Remdesivir doesn’t cure coronavirus. But the experimental drug, which may speed up recovery from a COVID-19 infection, is currently the best treatment we have against a virus that’s on a global rampage.
Late last week, the FDA authorized emergency use of the antiviral drug. The move came on the heels of preliminary results from a clinical trial that found patients treated with remdesivir had a 31 percent faster recovery than those who received a placebo. Average recovery was shortened to 11 days from 15 days, and the drug also slightly decreased the likelihood of dying from COVID-19.
“Although a 31 percent improvement doesn’t seem like a knockout 100 percent, it is a very important proof of concept because what it has proven is that a drug can block this virus,” Anthony Fauci told reporters at a White House meeting announcing the findings. Fauci, the director of the National Institute of Allergy and Infectious Diseases, also likened the finding to discovering the first modestly effective antiviral treatment for HIV decades ago.
But there are many questions around remdesivir’s ability to stand up to COVID-19. Chief among them is that a randomized and controlled study — released by The Lancet the same day — found conflicting results about the drug’s effectiveness. The study, which took place in China, found that remdesivir did not quicken recovery or reduce deaths from COVID-19 compared with a placebo.
Factors that might explain the different conclusions is that the participants in the Chinese study may have been more severely ill by the time they received remdesivir, and that the study ended earlier than planned because a decline in coronavirus cases in China impacted participant enrollment. But not everyone agrees that these were significant factors affecting the outcome.
In any case, remdesivir is far from being a miracle drug, and it seems unlikely that it will make coronavirus a milder, more manageable disease anytime soon.
How Does Remdesivir Work?
Remdesivir is an antiviral medication originally developed by biopharmaceutical company Gilead Sciences to treat Ebola. Although the drug didn't work well against that disease, it later showed promise fighting SARS and MERS — illnesses caused by coronaviruses — in animal studies, which is why researchers thought remdesivir might help fight COVID-19.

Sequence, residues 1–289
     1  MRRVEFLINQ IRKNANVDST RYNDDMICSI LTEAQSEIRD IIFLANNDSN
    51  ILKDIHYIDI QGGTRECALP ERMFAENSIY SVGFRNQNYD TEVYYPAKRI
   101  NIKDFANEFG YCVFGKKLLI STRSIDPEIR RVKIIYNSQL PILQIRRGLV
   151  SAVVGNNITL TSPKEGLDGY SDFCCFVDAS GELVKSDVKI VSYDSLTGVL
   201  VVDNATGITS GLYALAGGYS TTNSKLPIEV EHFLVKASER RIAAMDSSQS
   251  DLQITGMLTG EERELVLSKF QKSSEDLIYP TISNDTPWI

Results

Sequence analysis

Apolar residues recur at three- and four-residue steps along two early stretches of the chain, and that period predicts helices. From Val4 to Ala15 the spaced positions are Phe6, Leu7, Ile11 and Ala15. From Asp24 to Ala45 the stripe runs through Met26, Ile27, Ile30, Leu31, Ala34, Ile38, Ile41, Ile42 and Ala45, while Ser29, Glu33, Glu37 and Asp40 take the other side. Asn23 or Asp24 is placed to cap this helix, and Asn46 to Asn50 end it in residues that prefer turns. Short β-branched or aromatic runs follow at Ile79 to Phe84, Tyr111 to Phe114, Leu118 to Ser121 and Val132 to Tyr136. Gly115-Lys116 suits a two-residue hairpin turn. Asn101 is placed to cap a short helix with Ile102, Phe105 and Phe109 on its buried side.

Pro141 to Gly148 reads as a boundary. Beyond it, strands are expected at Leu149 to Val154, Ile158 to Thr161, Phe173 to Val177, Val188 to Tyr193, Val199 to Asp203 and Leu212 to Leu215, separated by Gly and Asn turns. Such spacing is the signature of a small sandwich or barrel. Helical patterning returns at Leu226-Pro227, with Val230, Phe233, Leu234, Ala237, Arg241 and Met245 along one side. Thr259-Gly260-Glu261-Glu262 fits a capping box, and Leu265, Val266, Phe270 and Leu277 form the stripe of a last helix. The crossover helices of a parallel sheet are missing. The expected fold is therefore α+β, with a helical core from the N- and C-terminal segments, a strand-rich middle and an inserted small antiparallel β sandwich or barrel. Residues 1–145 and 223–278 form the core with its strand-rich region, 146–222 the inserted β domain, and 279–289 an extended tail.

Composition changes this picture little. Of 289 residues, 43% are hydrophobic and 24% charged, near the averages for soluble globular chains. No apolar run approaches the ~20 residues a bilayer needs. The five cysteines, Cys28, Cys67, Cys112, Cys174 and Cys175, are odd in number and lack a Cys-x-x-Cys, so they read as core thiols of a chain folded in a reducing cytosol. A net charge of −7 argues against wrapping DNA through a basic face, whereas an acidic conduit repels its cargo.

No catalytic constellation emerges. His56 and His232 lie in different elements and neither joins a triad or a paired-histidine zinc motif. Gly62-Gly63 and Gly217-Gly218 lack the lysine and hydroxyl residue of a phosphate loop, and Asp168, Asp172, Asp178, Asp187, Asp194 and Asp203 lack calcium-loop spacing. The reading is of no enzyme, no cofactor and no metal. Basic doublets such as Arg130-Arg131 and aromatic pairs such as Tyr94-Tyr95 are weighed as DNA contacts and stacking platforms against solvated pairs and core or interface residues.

Once SARS-CoV-2 — the strain of coronavirus behind the disease that’s ravaged the world this year — invades a human cell, it replicates with the help of a viral enzyme called RdRp. Remdesivir is designed to slow or stop the virus from creating copies of itself by blocking this particular enzyme. The drug works differently than antibody-based treatments or vaccines, which are designed to help a person’s immune system identify and eliminate pathogens.
Remdesivir is most effective when given early — as soon as patients begin to show symptoms. But giving the drug early in an infection is a challenge because it is administered to the patient over 10 days through an IV.
Who Can Get Remdesivir?
Supply of remdesivir is limited, and its currently reserved for the sickest COVID-19 patients — those with blood oxygen levels at or below 94 percent and who require supplemental oxygen.
But before any drug can be used widely, it must meet the FDA’s rigorous approval standards. Previously, the FDA also approved emergency use of the anti-malaria drug hydroxychloroquine, but there isn’t much evidence that it provides benefits to COVID-19 patients, and it also comes with serious side effects. That said, no drug is without side effects: Remdesivir might cause liver damage in some patients.
While the remdesivir development is an important first step, we’re still a long way from FDA-approved therapies that are proven to prevent or treat COVID-19. The first antibody-based treatments could become available in the fall, and a coronavirus vaccine is still at least a year away.